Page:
And then, of course, the other five coins would help him set up a useful practice at some safe distance, say two hundred miles. That would be the sensible thing.

  But what would happen to Twoflower, all alone in a city where even the cockroaches had an unerring instinct for gold? A man would have to be a real heel to leave him.

  The Patrician of Ankh-Morpork smiled, but with his mouth only.

  “The Hub Gate, you say?” he murmured.

  The guard captain saluted smartly. “Aye, lord. We had to shoot the horse before he would stop. ”

  “Which, by a fairly direct route, brings you here,” said the Patrician, looking down at Rincewind.

  “And what have you got to say for yourself?”

  It was rumoured that an entire wing of the Patrician’s palace was filled with clerks who spent their days collating and updating all the information collected by their master’s exquisitely organized spy system. Rincewind didn’t doubt it. He glanced towards the balcony that ran down one side of the audience room. A sudden run, a nimble jump - a sudden hail of crossbow quarrels. He shuddered. The Patrician cradled his chins in a beringed hand, and regarded the wizard with eyes as small and hard as beads.

  “Let me see,” he said. “Oathbreaking, the theft of a horse, uttering false coinage - yes, I think it’s the Arena for you, Rincewind. ”

  This was too much.

  “I didn’t steal the horse! I bought it fairly!”

  “But with false coinage. Technical theft, you see. ”

  “But those rhinu are solid gold!”

  “Rhinu?” The Patrician rolled one of them around in his thick fingers. “is that what they are called? How interesting. But, as you point out, they are not very similar to dollars…”

  “Well, of course they’re not-“

  “Ah you admit it, then?”

  Rincewind opened his mouth to speak, thought better of it, and shut it again.

  “Quite so. And on top of these there is, of course, the moral obloquy attendant on the cowardly betrayal of a visitor to this shore. For shame, Rincewind!” The Patrician waved a hand vaguely. The guards behind Rincewind backed away, and their captain took a few paces to the right. Rincewind suddenly felt very alone.
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  It is said that when a wizard is about to die Death himself turns up to claim him (instead of delegating the task to a subordinate, such as Disease or Famine, as is usually the case). Rincewind looked around nervously for a tall figure in black( wizards, even failed wizards, have in addition to rods and cones in their eyeballs the tiny octagons that enable them to see into the far octarine, the basic colour of which all other colours are merely pale shadows impinging on normal four-dimensional space. It is said to be a sort of fluorescent greenish-yellow purple).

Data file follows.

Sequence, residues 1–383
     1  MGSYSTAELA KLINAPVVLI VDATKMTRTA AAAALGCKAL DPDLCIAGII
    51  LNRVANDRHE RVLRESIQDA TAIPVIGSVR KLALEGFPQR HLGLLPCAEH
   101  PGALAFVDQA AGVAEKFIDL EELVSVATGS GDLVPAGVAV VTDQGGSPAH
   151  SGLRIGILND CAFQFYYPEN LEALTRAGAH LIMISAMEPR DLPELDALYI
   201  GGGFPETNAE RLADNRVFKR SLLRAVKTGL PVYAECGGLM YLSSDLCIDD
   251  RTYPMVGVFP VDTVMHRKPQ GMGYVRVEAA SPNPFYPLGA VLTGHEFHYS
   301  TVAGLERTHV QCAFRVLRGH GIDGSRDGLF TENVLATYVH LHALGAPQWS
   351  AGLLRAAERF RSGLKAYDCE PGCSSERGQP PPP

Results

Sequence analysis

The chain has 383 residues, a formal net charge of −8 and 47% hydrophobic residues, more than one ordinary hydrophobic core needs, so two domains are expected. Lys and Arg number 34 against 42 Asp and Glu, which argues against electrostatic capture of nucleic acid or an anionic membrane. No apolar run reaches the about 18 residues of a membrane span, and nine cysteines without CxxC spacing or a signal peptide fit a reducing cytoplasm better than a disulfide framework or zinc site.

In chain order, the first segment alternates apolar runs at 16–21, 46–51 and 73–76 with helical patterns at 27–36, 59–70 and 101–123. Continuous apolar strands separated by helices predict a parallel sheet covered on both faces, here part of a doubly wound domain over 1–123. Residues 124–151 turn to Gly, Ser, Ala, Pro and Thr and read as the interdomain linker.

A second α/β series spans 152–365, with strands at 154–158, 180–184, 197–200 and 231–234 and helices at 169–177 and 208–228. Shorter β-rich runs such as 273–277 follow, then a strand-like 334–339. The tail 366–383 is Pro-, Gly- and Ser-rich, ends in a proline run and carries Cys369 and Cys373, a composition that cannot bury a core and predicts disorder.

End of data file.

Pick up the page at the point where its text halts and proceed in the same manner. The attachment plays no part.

Was that a flickering shadow in the corner?

  “Of course,” said the Patrician, “I could be merciful. ” The shadow disappeared. Rincewind looked up an expression of insane hope on his face.

  “Yes?” he said.

  The Patrician waved a hand again. Rincewind saw the guards leave the chamber. Alone with the lord of the twin cities, he almost wished they would come back.

  “Come hither, Rincewind,” said the Patrician. He indicated a bowl of savouries on a low onyx table by the throne. “Would you care for a crystallised jellyfish? No?”

  “Um,” said Rincewind, “no. ”

  “Now I want you to listen very carefully to what I am about to say,” said the Patrician amiably, “otherwise you will die. In an interesting fashion. Over a period. Please stop fidgetting like that. Since you are a wizard of sorts, you are of course aware that we live upon a world shaped, as it were, like a disc? And that there is said to exist, towards the far rim, a continent which though small is equal in weight to all the mighty landmasses in this hemicircle? And that this, according to ancient legend, is because it is largely made of gold?”

  Rincewind nodded. Who hadn’t heard of the Counterweight Continent? Some sailors even believed the childhood tales and sailed in search of it. Of course, they returned either empty handed or not at all. Probably eaten by giant turtles, in the opinion of more serious mariners. Because, of course, the Counterweight Continent was nothing more than a solar myth.

  “It does, of course, exist,” said the Patrician. “Although it is not made of gold, it is true that gold is a very common metal there. Most of the mass is made up by vast deposits of octiron deep within the crust. Now it will be obvious to an incisive mind like yours that the existence of the Counterweight Continent poses a deadly threat to our people here-” he paused, looking at Rincewind’s open mouth. He sighed. He said, “Do you by some chance fail to follow me?”

  “Yarrg,” said Rincewind. He swallowed, and licked his lips. “I mean, no. I mean - well, gold…”

  “I see,” said the Patrician sweetly. “You feel, perhaps, that it would be a marvellous thing to go to the Counterweight Continent and bring back a shipload of gold?”

  Rincewind had a feeling that some sort of trap was being set.

  “Yes?” he ventured.

  “And if every man on the shores of the Circle Sea had a mountain of gold of his own? Would that be a good thing? What would happen? -think carefully. ” Rincewind’s brow furrowed. He thought. “We’d all be rich?”

  The way the temperature fell at his remark told him that it was not the correct one.